Whether in the form of social media trolling, online backlash, or physical altercations, individuals in the public eye are often subject to negative press. Banksy, the famously mysterious UK-based street artist is no different.

While many of his pieces are revered and go on to sell for many thousands of pounds all over the world, some pieces have met a different fate – being defaced for all manner of reasons, from attention-grabbing to a distaste for the messaging behind the piece.

So, which are Banksy’s most famous defaced art pieces?


Defaced Art in the Headlines

One of the most recent examples of a Banksy piece of art being defaced appeared in the Guardian in March 2021, with the painting of an escaping inmate being vandalized with red paint to cover a part of the artwork and the slogan ‘Team Robbo’ below.

For fans and followers of Banksy, this ‘Team Robbo’ tag will already be familiar, directly relating to the fallout between Banksy and another street artist who went by the name Robbo before his untimely death in 2014.

While much of the hype around this rivalry has calmed down, there are still instances where fans of Robbo will carry on the trend and tag Banksy pieces with the name of their favored artist.

A similar occurrence appeared on the streets of Lowestoft in March 2022, when a recreation of a formerly removed Banksy work (recreated by artist Greater Than) found its protective covering plastered with the ‘Team Robbo’ tag.

Both of these instances refer directly to the movement of Robbo himself who, over the years before his death, would periodically add his tag to the original works of Banksy as part of their feud.

But Robbo isn’t the only inspiration behind defaced Banksy’s works and art pieces.

Defaced Art on the Coast

Returning once again to Lowestoft, back in the summer of 2021, a similar occurrence happened when a confirmed Banksy piece titled ‘Spraycation’ was covered in white paint.

The artwork shows the signature Banksy rat motif sitting in a deckchair, with the artist confirming he had created the work on a Saturday night.

By Sunday morning, the piece had been defaced – with the local council promising to bring in a specialist restoration team to remove the white paint.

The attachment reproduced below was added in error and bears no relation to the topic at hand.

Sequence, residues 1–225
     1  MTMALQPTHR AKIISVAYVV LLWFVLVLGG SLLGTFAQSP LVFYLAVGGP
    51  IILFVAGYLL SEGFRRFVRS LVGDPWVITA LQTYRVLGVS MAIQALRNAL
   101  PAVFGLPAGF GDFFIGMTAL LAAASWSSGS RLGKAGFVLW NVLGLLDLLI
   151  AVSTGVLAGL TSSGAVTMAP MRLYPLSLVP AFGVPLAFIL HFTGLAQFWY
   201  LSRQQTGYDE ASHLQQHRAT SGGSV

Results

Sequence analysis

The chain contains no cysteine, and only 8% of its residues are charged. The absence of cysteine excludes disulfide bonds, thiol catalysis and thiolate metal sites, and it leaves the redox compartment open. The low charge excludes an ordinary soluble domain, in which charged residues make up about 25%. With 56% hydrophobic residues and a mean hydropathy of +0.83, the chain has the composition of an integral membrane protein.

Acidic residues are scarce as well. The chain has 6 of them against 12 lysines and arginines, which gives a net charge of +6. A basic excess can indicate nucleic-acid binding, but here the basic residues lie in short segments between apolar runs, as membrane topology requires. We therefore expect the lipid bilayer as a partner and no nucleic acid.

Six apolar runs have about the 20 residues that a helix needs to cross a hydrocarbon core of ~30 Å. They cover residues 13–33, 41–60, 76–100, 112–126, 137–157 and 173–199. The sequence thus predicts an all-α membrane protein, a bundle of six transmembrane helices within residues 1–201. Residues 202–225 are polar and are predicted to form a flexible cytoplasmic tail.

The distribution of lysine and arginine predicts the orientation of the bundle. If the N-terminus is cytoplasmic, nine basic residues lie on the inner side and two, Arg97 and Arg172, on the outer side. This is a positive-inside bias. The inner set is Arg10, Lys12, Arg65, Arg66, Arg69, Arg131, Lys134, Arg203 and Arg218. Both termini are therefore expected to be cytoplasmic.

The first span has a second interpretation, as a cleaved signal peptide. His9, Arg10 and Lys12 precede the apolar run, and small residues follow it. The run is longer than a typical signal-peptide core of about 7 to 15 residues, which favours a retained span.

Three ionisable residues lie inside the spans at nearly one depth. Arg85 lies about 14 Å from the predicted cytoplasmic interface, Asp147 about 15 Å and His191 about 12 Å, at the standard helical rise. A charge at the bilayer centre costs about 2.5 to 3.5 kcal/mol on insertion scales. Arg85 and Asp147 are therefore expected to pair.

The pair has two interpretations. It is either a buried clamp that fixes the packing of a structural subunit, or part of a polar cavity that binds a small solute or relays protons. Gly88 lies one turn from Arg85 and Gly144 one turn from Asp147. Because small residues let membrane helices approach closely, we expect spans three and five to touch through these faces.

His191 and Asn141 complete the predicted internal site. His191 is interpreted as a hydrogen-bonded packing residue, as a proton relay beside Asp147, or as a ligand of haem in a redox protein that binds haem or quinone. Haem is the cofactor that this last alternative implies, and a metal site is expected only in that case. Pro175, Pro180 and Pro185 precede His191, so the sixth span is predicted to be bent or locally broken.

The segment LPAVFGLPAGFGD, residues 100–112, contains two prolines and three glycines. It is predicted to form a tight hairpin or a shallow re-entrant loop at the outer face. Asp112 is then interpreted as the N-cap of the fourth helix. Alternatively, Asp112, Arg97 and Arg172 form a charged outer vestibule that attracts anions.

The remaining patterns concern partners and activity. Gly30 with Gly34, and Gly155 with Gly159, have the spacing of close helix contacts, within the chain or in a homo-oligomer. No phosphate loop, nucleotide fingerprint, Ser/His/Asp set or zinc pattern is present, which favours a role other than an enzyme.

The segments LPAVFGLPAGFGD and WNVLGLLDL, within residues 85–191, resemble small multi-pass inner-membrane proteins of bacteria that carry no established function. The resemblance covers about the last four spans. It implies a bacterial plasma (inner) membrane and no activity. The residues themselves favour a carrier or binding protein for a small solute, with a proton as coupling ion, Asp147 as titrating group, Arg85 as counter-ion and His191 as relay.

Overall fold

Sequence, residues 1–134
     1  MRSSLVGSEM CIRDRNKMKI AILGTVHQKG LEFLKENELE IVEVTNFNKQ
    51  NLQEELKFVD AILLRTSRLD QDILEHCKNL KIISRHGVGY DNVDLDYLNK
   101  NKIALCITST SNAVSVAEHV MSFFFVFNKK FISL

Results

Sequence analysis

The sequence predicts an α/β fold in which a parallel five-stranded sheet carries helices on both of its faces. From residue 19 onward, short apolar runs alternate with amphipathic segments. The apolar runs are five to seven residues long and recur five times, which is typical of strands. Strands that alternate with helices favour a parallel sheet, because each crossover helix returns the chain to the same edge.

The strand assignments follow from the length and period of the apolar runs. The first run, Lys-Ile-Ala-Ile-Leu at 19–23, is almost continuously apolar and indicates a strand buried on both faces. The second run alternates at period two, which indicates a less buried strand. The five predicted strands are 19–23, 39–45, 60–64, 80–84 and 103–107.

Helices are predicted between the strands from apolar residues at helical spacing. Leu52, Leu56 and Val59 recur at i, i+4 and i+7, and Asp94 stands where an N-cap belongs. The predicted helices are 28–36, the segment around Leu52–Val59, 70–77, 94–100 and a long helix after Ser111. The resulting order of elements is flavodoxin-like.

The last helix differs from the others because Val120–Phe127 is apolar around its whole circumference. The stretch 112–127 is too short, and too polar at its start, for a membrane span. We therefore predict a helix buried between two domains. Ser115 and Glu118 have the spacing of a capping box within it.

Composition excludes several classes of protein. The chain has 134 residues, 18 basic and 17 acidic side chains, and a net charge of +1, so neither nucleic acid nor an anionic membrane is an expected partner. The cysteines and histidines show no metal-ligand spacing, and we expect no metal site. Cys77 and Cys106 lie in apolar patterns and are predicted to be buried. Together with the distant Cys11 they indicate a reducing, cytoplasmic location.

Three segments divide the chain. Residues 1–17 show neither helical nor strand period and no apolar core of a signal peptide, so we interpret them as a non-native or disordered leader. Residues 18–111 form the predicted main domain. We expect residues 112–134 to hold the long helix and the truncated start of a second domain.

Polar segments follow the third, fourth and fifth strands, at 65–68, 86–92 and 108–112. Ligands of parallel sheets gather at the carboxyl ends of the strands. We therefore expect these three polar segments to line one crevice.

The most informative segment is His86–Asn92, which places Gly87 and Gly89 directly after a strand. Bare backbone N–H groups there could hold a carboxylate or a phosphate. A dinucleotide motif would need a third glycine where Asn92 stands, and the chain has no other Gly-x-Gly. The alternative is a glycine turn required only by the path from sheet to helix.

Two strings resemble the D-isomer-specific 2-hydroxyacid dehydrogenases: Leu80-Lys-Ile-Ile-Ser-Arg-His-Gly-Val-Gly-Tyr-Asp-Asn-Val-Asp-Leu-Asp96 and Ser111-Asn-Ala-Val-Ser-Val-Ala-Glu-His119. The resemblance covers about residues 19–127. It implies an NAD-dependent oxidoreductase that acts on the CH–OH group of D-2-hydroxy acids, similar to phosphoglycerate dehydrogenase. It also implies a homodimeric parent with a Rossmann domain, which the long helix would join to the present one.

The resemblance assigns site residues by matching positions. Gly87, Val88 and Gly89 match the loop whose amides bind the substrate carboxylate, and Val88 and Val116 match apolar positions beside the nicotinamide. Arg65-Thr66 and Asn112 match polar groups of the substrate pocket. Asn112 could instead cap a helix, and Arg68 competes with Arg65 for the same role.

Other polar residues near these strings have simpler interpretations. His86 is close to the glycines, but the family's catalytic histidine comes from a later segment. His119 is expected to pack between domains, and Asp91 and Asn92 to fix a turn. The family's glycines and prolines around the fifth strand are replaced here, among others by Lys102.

One interesting example of a defaced Banksy comes in the form of the teddy bear claw which was painted on Gorleston seafront.

The claw, which sits above a bench, was added to overnight by a local street artist – who sprayed a selection of teddy bears underneath the claw and behind the bench in a move that gave the artwork more depth.

While locals and art lovers alike believed this to be a potential collaboration between Banksy and the local artist called EMO, vandals added their own spin when they defaced the work with red paint – crossing out the EMO tag and writing ‘Ego’ instead and adding red to the teddy bear under the claw.

Professional Cleaners, Not Art Critics

Some of the most famous instances where a Banksy art piece has been defaced actually come from Transport for London, with the first occurring in the early 2000s where a years old piece called Pulp Fiction (which showed John Travolta and Samuel L Jackson holding bananas instead of guns) was painted over by TFL cleaners.

The defence that TFL, “employs professional cleaners, not art critics” was used, though the case still made headlines as the piece near Old Street station had previously been valued at £300,000. Suffice to say, the community of Banksy sellers were up in arms!

TFL made the headlines again during the Covid-19 pandemic in 2020 when Banksy created a statement piece of Covid-infected vermin inside a tube carriage – only for it to once again be removed under the TFL anti-graffiti guidelines.

Quoting TFL, a spokesperson invited Banksy to recreate the piece somewhere more appropriate – stating that the removal was, this time, perfectly deliberate.


Finally, to self-sabotage – and Banksy’s own move to deface his work with the self-shredding ‘Girl with Balloon’ piece which was on show at the Contemporary Art Auction.

The shredder was actually built into the frame and was designed to shred the piece as soon as the hammer hit the block on the auction of the piece. The end result was a half-shredded piece – which sold more recently for £16million.

Defaced or otherwise, the community of Banksy buyers and sellers are always looking for new pieces. If you’ve got a piece to sell, now is the perfect time to learn its value from an expert.

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